5. Recycling is a monumental pain in the ass. (I’m only speaking of apartment living with this one, and specifically, apartment living in the city of Hannover.) Glass can only be returned in these round tanks on the sidewalk, which look like giant metal boobies. And just like real boobies, they’re nowhere to be found when you need them. Recycling makes absolutely no sense to me here. You have to put your organic compost, or “Bio” garbage into plastic bags — yes, plastic bags — and take them down to the dumpster. Random items (like cotton swabs, tissue paper and tampons) go into clear plastic bags and are taken to an entirely different dumpster. Regular paper goes into blue plastic bags, while metal and plastic go into yellow bags; both of which are picked up from the street once per week… by different companies. Oh, and if you buy a bottle of water at a certain grocery store, and you want to recycle it and get your deposit back, you have to take it back to that exact same grocery store. So, with all of these convoluted rules and the counterproductive use of plastic in the recycling process, I kind of want to make a German flag out of rubber tires and hairspray bottles in the middle of a busy street and set that shit on fire.

Click here to learn more about the term “Culture Shock.”

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Writing and Blogging: Results of the 2012 Expat Blog Awards – Germany

2012 Expats Blog Award - Germany - Honor

The results are in! The Expats Blog announced its winning blog selections for the country of Germany! With your help, we managed to win the Honour 2012 award. There were 3 top awards — Gold, Silver and Bronze — plus 3 Honourable Mention awards, all of which were selected from a pool of over 43 German expat blogs. This is really something! But you know what really took me by surprise? All of the support our readers showed for our blog.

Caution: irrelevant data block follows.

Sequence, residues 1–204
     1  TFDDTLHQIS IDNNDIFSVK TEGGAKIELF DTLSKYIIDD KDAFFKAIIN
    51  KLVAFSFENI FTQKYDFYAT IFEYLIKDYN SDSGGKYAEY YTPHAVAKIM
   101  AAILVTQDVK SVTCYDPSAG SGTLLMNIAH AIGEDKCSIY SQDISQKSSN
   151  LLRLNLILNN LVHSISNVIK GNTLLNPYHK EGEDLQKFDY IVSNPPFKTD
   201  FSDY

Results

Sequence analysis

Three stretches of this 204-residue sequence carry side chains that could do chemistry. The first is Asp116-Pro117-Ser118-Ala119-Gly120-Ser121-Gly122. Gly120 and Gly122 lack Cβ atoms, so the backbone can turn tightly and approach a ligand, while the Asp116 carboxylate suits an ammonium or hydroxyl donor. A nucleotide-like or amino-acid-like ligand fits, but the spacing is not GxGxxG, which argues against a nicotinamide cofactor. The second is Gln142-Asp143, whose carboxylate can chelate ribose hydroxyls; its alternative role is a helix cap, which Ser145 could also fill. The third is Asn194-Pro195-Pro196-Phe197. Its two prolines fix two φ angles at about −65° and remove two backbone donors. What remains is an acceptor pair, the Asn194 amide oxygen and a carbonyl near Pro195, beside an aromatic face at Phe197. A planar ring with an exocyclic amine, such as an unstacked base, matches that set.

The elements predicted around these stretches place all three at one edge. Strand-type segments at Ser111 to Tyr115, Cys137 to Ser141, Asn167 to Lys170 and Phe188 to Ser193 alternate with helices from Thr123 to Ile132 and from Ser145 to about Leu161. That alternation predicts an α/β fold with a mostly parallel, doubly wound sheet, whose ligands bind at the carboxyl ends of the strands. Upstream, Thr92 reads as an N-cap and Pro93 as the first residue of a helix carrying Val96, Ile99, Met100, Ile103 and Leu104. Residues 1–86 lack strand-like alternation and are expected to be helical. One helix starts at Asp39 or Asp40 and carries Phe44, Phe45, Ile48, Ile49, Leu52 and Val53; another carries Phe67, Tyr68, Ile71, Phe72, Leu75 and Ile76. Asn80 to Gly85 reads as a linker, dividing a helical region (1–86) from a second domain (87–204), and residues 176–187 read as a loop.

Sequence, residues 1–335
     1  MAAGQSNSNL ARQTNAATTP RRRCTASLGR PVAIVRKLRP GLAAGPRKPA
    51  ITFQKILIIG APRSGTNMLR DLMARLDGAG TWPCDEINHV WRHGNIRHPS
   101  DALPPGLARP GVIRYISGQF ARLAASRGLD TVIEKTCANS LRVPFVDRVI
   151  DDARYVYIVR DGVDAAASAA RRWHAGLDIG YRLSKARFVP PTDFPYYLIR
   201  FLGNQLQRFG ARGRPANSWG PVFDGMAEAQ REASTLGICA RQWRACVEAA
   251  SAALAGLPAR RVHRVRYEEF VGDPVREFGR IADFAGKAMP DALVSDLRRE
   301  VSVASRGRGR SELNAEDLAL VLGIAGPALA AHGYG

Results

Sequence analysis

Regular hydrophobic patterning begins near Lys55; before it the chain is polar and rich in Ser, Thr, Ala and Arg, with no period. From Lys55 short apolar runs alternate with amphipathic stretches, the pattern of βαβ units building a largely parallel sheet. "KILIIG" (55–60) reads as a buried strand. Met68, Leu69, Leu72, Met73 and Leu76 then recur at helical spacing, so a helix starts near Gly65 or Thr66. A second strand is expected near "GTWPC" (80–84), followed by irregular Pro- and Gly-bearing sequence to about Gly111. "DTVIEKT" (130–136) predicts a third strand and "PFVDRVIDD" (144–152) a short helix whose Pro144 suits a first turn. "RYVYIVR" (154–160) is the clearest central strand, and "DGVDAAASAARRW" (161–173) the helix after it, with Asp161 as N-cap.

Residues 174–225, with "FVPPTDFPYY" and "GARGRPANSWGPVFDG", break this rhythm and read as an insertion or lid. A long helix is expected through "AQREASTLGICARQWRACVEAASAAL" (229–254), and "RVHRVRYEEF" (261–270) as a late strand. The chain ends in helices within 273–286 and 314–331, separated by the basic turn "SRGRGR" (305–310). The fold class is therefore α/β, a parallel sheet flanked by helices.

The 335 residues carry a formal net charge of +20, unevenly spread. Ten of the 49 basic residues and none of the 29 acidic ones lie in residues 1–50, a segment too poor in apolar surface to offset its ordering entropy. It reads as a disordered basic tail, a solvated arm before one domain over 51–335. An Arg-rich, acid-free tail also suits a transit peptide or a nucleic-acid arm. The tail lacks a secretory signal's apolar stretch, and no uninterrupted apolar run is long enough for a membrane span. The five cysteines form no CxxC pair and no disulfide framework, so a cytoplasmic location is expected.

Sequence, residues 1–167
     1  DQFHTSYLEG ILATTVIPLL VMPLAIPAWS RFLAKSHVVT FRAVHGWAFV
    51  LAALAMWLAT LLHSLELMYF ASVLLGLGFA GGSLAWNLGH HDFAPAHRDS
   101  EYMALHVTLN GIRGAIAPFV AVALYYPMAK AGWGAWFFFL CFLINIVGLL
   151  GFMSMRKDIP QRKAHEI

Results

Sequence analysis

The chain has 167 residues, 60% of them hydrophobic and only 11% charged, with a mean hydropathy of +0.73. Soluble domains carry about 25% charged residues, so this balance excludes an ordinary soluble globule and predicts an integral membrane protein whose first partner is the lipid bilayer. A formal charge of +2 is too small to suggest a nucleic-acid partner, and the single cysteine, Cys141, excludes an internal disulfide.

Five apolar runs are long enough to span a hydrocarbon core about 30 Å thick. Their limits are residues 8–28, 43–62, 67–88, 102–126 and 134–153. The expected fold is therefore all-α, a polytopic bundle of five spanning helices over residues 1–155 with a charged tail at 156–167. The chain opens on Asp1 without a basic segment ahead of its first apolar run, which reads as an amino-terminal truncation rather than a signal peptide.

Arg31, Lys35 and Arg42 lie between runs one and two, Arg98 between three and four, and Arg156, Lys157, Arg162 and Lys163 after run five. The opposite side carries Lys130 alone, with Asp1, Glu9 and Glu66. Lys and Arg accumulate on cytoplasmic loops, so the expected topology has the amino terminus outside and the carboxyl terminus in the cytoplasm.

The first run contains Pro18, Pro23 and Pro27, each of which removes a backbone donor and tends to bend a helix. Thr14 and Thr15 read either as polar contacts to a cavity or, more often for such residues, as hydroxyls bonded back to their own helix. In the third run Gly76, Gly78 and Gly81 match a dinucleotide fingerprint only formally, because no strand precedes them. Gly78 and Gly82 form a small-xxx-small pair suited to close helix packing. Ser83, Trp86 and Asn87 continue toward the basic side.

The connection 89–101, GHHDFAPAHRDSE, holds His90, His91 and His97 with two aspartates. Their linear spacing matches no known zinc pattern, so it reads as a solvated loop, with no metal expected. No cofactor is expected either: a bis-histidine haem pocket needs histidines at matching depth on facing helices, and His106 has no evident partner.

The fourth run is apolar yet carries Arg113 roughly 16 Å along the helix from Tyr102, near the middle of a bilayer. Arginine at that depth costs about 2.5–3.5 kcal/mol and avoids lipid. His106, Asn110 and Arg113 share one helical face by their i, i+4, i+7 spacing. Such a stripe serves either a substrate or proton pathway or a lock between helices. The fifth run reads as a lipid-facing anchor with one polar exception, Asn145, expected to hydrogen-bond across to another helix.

In particular, we’d like to thank:

  1. The Expats Blog, who writes www.expatsblog.com, found our blog and nominated us for this award in the first place. Great site you guys! Keep up the good work!
  2. Toff Oliver, who writes www.hadafewbeers.com. He wrote an incredibly kind post about our blog and urged his own readers to vote for us. Please check out his blog and help return some of the love!
  3. Aldonna, who writes www.ahundredmiles.wordpress.com. Her blog is private, but she re-posted our nomination article and asked her readers to vote for us.
  4. Anja, who writes www.diestadtderengel.wordpress.com, gave us 5 stars and wrote a great review. She is also a regular reader and commenter on our blog.
  5. Germerican Denglish, who writes www.germericandenglish.wordpress.com, gave us 5 stars and wrote a very flattering review.
  6. Jaton’ West, who writes oldamericanladyinberlin.wordpress.com gave us 5 stars and a great review.
  7. Germany-USA Career Center, who writes www.germany-usa.com, gave us 5 stars and wrote a great review.
  8. Alex K, who gave us 5 stars and wrote a great review.
  9. Geoff Freeman, who gave us 5 stars and wrote a great review.
  10. Charlotte, who gave us 5 stars and wrote a great review.
  11. Christina, who gave us 5 stars and wrote a great review.
  12. Michael Sadowski, who gave us 5 stars and wrote a great review.
  13. PolkaDot45, who gave us 5 stars and wrote a great review.
  14. Lindsey, who gave us 5 stars and wrote a great review.
  15. Gary Casebeer, who gave us 5 stars and wrote a great review.
  16. Randy Patton, who gave us 5 stars and wrote a great review.
  17. Nick, who gave us 5 stars and wrote a great review.
  18. Netz44, who gave us 5 stars and wrote a great review.
  19. David Sale, who gave us 4 stars and wrote a great review.

If I have somehow misplaced your review, vote or tweet and neglected to list you here, please go to our contact page and email us! Also, if I have, in fact, listed you here but failed to include your website or blog, please email us as well! It is very important we promote your work in return!

And as an extra show of gratitude, I’d like to share with you one of my very favorite German commercials. It is simultaneously adorable and hilarious:

Thank you all for reading and have a wonderful holiday season!

Oh God, My Wife Is German.